Talent Management Changes Can Help or Hinder Performance
Talent management changes are never easy. When change touches the entire workforce, you had better consider carefully how it will affect your talent management strategy.
Will your top talent accept and adjust to the change or will it push them toward disengagement and perhaps to the competition?
Talent Management Changes at IBM
IBM recently made a risky move. It has mandated that thousands of its employees no longer work remotely but in set locations or they must look for another job. Wow! And this from a company that once upon a time was an early advocate of working remotely.
Only time will reveal the impact of this decision.
Talent Management Changes at Yahoo
We know that remote worker policy changes did not work at Yahoo. Marissa Mayer’s similar edict regarding remote work resulted in worker disaffection with the company and a slow downward spiral for Yahoo that ended in its recent purchase by Verizon. But IBM and Yahoo are entirely different organizations with entirely different strategies and cultures.
Will IBM Fair Better Than Yahoo?
Some experts cite Yahoo’s experience and predict doom for IBM. Yahoo’s motive was to bring people together and presumably enhance collaboration and innovation. Some skeptics say it was also about reducing headcount. Regardless, Yahoo’s employees appeared to rally against the edict because they felt a significant loss of power and value.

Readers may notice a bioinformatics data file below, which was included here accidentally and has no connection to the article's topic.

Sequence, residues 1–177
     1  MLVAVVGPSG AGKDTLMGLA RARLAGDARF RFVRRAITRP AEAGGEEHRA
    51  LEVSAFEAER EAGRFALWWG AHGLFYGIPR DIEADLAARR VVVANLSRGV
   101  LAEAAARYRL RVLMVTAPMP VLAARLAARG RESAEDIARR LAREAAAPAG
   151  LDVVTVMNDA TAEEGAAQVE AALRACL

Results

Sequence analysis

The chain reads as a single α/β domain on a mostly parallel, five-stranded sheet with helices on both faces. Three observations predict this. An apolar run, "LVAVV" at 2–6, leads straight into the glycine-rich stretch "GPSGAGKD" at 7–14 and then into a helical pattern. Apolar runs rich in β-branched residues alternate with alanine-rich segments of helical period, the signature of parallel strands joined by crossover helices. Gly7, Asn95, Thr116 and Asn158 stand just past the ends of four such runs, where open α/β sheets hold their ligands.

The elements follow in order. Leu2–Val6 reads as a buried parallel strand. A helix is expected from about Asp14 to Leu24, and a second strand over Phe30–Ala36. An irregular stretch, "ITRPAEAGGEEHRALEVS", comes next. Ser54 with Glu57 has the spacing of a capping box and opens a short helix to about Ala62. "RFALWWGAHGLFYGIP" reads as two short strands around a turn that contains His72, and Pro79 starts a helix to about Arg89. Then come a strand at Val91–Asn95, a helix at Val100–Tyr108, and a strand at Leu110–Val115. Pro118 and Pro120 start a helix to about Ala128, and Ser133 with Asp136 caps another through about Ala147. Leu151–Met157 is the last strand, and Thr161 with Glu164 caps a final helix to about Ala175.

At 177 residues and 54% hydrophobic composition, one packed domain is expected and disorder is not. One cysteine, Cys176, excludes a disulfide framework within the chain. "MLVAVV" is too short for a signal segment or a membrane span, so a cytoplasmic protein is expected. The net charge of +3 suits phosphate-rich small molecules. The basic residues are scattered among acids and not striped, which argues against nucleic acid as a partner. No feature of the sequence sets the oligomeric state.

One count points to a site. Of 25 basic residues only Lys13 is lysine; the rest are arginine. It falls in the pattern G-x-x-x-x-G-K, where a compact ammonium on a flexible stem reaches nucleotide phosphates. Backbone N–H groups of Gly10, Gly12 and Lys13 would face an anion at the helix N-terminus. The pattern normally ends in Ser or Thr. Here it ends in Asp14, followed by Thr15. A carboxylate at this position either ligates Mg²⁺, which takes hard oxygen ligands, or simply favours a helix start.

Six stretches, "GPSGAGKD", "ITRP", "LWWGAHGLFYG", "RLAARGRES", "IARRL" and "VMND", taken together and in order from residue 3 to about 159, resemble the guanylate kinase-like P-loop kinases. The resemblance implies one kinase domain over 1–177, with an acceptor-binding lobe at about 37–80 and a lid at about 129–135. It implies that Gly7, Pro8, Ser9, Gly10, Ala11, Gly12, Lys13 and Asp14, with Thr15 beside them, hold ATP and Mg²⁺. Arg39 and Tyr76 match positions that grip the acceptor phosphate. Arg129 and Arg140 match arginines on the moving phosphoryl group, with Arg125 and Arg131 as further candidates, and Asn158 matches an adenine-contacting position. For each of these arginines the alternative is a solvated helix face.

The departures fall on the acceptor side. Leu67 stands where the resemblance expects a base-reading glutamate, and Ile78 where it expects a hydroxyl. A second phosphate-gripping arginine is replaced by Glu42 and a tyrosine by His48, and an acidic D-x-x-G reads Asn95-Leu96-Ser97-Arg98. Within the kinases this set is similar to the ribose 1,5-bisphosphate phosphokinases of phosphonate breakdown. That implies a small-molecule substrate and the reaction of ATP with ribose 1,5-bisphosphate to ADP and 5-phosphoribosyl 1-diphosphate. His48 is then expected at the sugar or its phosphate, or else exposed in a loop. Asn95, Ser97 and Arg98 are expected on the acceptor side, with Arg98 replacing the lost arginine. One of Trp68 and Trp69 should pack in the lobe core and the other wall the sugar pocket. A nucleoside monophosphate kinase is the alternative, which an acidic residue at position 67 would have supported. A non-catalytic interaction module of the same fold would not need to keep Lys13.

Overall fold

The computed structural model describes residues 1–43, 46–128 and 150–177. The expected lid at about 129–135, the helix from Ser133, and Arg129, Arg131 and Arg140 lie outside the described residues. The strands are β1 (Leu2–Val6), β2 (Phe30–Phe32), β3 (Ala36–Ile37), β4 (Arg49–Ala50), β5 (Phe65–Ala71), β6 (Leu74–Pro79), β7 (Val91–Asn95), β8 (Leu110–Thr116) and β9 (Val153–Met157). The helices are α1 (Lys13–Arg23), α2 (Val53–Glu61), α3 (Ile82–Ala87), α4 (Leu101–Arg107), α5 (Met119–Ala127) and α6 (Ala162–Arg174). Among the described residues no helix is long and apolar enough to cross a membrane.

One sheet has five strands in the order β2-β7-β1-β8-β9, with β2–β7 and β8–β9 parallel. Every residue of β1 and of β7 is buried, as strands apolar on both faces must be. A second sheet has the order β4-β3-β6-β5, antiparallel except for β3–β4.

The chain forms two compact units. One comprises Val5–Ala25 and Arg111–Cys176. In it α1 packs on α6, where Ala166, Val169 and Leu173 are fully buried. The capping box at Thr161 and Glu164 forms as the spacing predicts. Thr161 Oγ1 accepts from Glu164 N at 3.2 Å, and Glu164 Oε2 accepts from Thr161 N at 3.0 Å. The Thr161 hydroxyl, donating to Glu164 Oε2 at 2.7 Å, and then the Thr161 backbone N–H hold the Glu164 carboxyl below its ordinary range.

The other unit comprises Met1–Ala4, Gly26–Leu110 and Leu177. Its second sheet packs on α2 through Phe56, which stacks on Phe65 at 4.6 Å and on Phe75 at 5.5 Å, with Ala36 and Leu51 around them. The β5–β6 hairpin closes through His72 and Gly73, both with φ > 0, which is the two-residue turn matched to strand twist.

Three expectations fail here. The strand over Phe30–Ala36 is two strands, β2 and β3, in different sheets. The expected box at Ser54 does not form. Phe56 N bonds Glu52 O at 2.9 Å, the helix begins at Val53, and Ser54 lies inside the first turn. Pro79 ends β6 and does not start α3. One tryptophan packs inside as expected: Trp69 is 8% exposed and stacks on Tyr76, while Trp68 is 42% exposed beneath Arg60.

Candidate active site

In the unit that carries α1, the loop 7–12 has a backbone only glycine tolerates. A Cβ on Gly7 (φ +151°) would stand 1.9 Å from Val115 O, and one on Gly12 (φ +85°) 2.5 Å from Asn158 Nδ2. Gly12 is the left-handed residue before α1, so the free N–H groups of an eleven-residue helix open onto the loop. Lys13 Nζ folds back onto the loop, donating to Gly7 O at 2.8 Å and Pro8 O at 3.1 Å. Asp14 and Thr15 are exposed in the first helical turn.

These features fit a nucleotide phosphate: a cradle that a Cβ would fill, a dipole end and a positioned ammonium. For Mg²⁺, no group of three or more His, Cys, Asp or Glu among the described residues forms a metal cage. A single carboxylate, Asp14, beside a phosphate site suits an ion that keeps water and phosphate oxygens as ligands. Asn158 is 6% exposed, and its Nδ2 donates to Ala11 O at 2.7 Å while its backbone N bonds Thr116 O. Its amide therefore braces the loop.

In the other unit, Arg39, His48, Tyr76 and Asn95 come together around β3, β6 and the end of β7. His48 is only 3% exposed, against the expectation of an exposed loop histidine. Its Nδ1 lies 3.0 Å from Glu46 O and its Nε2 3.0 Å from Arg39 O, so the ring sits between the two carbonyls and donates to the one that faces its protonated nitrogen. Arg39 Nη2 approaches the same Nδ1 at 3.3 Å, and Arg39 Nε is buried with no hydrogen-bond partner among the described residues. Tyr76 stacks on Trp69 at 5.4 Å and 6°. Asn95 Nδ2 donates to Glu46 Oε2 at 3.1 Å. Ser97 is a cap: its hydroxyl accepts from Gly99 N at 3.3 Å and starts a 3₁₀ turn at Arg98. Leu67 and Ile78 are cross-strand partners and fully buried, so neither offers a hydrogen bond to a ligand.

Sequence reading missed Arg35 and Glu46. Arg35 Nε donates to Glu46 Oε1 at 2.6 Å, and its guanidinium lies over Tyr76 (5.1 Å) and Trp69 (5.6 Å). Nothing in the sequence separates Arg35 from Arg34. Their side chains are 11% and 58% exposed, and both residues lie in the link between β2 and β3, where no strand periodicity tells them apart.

But IBM’s workers may react differently.
This is, of course, what IBM hopes for. The success of their talent management changes will depend upon:
The potential upside is a more collaborative environment where open communication is supported and encouraged, a more engaged employee base resulting in greater productivity, and an organization primed for future success.
How To Make Better Talent Management Changes
When you as a leader are considering major organizational changes, you should carefully consider if this is a good move to attract, develop, engage, and retain talent for your unique culture and strategy — not about whether it is good or bad for other companies or other employees than your own.
The Bottom Line
Our organizational alignment research found that talent accounts for 29% of the difference between high and low performing organizations. The goal of talent management should be to create and sustain organizational excellence through people — attracting, developing, engaging, and retaining the top talent that makes sense for your specific business strategy and your unique organizational culture.
When talent changes are done poorly, as with Yahoo, misaligned talent management approaches can grind your company to a halt. When talent changes are done right, as IBM hopes, talent can differentiate your company from the competition in both good and bad times.
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